Once again we’re confronted with Homer’s total idiocy when it comes to his family, and his desire for a perfect family dynamic. Adil offers him something to latch on to; we’ll see this again when Homer takes on the role of being a Bigger Brother in a couple of years — this idea that his relationship with Bart is so fundamentally flawed, or damaged, that it cannot be saved or repaired. Lisa’s frostiness when she realizes he’s willing to trade her out to get a better daughter is absolutely priceless, and worth the price of admission to this episode alone (though I don’t really buy her impassioned defense on the part of capitalism — freedom, sure, but capitalism? nah).

“The Crepes of Wrath” made me miss the Cold War. Not the whole threat-of-nuclear-annihilation bit, but the background of paranoia and espionage that made the Cold War so damned intriguing. I know the two often went together, but there was something fun about cleaving the world into two camps and glaring pointedly across a no-man’s land. (There was also the joy of rooting against the Soviets at the Olympics, something that other people miss too.) It was a simpler time, at least from a fictional perspective. Now you gotta write about nefarious government agencies, not just individual governments, and the bad guys are more apt to speak your own language than another.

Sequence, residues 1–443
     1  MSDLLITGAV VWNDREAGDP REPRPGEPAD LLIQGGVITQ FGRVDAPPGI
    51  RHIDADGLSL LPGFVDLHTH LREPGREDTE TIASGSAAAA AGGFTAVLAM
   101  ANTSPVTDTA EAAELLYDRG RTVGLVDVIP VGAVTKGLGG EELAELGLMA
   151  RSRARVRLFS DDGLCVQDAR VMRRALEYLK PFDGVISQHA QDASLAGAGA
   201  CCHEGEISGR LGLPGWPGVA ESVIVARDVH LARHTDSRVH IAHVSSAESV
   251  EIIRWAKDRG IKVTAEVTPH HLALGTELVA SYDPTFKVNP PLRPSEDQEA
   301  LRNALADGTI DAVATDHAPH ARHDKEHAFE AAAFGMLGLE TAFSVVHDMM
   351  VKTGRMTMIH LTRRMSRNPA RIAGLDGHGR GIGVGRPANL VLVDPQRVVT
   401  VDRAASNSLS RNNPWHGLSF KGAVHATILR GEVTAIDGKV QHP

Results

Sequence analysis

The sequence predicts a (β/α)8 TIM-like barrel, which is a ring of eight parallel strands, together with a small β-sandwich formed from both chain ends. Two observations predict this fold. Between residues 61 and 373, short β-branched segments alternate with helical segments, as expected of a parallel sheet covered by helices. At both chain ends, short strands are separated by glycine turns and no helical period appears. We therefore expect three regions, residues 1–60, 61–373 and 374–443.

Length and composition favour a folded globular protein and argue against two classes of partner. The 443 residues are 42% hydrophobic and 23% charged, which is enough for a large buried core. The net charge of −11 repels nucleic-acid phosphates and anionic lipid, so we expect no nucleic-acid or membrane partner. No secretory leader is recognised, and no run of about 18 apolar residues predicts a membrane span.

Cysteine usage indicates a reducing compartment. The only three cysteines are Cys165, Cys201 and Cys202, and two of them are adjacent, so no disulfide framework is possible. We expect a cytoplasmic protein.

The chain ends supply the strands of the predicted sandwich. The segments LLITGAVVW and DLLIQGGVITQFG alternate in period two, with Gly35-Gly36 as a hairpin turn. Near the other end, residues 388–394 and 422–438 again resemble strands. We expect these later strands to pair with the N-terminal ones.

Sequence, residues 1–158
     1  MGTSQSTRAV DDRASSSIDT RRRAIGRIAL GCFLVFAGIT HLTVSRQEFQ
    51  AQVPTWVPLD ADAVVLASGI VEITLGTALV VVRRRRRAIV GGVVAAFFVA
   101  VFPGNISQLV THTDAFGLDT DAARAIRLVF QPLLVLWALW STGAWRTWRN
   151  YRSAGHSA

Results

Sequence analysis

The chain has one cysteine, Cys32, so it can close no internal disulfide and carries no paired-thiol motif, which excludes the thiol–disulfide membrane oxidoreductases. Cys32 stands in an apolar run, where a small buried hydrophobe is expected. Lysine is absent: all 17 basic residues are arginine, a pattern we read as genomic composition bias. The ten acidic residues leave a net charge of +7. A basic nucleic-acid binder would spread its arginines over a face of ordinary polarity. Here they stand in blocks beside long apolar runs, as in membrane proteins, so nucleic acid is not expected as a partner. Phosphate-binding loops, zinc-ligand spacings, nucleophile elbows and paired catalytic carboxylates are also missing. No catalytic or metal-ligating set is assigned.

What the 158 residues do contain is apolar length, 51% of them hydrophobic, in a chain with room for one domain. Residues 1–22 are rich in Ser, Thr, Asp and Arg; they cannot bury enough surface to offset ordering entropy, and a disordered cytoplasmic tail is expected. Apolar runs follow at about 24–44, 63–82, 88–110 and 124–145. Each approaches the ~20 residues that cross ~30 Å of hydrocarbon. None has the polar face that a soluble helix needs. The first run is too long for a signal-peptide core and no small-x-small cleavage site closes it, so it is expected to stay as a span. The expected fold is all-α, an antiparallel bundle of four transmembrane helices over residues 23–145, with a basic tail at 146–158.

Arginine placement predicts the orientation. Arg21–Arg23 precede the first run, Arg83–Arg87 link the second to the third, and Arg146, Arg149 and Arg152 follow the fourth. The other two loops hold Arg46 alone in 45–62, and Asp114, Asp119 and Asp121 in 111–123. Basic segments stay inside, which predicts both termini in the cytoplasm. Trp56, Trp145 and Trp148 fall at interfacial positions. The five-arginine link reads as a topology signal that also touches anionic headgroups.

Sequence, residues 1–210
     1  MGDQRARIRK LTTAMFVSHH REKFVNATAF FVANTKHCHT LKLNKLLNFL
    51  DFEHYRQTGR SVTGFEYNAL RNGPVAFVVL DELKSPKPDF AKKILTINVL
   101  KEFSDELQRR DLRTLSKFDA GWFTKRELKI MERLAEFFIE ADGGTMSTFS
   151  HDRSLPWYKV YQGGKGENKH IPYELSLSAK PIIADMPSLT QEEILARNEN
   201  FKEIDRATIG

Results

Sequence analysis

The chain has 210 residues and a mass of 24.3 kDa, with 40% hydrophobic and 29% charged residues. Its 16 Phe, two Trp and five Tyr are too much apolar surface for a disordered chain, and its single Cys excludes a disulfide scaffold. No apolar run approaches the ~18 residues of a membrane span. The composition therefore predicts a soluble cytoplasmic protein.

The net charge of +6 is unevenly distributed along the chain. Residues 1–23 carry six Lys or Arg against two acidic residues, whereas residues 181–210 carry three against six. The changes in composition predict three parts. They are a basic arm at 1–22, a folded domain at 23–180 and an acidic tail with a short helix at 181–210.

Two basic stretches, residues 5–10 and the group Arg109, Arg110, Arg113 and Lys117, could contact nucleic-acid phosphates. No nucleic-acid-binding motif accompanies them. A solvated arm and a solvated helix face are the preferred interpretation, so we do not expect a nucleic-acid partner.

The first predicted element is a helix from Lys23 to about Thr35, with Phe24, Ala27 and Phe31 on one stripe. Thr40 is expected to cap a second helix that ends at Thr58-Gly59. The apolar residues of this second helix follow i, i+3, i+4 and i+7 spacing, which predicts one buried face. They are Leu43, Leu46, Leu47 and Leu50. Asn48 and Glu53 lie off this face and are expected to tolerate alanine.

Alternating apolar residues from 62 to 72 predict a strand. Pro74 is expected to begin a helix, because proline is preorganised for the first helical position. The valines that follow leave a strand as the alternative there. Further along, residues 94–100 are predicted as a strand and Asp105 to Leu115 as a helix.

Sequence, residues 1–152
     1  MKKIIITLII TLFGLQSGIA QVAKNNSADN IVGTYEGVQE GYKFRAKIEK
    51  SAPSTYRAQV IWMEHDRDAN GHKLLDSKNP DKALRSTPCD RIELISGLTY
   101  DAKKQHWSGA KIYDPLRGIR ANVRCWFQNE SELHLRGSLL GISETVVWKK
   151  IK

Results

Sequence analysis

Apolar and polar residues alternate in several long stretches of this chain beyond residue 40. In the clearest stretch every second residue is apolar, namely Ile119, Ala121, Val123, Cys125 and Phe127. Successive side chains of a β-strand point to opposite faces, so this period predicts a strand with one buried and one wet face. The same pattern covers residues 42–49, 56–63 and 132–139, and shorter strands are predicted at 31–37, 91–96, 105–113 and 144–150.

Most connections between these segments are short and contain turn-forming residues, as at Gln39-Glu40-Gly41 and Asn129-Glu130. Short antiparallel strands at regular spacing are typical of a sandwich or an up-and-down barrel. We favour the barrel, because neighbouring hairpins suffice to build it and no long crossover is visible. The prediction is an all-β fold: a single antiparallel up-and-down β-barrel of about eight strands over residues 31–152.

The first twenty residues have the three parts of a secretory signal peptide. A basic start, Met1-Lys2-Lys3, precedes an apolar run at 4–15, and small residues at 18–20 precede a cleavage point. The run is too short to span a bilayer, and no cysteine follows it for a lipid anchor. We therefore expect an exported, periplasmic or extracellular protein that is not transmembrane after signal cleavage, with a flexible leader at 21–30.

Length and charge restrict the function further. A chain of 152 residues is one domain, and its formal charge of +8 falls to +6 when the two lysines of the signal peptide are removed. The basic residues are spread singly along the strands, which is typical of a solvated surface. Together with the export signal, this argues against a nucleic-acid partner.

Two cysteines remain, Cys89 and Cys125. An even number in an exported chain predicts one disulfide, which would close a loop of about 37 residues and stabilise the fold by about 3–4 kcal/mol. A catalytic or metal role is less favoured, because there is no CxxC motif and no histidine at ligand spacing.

Put another way, could you make this episode today? Who would you pick as the villains in this story, considering you have to find a backwards country that’s vaguely sinister? Most of the former eastern bloc countries are well on their way to being capitalists, if not already there, and there’s a never-ending quest to find the new Prague, the new hip place to get bombed for a weekend away from the United Kingdom. The best you could hope for is to return to the former Soviet bloc states, and hope you can pull off a Borat-style Kazakhstan-ish parody — I think Tajikistan might be my current choice, but the problem now is that every place that’s likely to be sufficiently screwed up to be funny also comes with a big serving of sadness: there are plenty of personality cults in the world, and lots of kleptocracies, and a large number of deeply screwed up countries, but none of them are really funny anymore, because life in those countries is so abysmal. We could at least buy into the propaganda of places like, say, Albania or Bulgaria back in the day, but we know better now. And the only people who might conceivably want to spy on a US nuclear power plant are in the Middle East, and those guys aren’t funny at all. Albania was perfect, back in 1990, by being faintly ridiculous while at the same time being exceptionally paranoid and somewhat spooky to the outside world. You can thank Enver Hoxha for all that — and for Adil’s last name, too, for that matter.